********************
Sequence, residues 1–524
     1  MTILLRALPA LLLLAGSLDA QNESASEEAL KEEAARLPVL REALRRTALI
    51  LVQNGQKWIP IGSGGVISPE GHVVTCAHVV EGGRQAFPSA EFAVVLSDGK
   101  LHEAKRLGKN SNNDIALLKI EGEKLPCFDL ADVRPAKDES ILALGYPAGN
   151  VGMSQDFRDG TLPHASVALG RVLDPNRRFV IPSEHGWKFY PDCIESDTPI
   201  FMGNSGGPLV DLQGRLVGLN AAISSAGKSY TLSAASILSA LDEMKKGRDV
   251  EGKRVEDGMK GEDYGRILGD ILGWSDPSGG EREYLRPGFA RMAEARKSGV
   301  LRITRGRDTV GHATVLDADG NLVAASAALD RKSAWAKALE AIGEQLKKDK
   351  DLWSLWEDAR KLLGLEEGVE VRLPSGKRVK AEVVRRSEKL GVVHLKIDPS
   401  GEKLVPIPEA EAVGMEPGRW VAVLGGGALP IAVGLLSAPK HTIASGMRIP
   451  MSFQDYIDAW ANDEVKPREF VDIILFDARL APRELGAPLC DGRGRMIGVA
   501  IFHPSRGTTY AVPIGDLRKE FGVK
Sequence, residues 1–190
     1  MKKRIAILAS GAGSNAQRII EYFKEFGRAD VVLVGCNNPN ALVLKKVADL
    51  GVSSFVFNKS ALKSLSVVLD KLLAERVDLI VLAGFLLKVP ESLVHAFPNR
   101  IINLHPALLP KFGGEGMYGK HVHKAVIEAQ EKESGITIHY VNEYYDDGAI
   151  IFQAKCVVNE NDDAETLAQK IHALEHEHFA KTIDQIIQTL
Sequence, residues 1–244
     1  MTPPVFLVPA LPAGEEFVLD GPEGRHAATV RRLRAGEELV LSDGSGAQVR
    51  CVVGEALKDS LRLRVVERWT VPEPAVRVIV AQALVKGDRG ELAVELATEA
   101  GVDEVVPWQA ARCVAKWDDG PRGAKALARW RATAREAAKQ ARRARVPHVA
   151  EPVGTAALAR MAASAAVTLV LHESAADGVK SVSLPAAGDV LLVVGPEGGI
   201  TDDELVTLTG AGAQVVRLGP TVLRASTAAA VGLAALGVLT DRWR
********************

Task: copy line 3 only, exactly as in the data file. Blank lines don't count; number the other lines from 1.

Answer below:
    51  LVQNGQKWIP IGSGGVISPE GHVVTCAHVV EGGRQAFPSA EFAVVLSDGK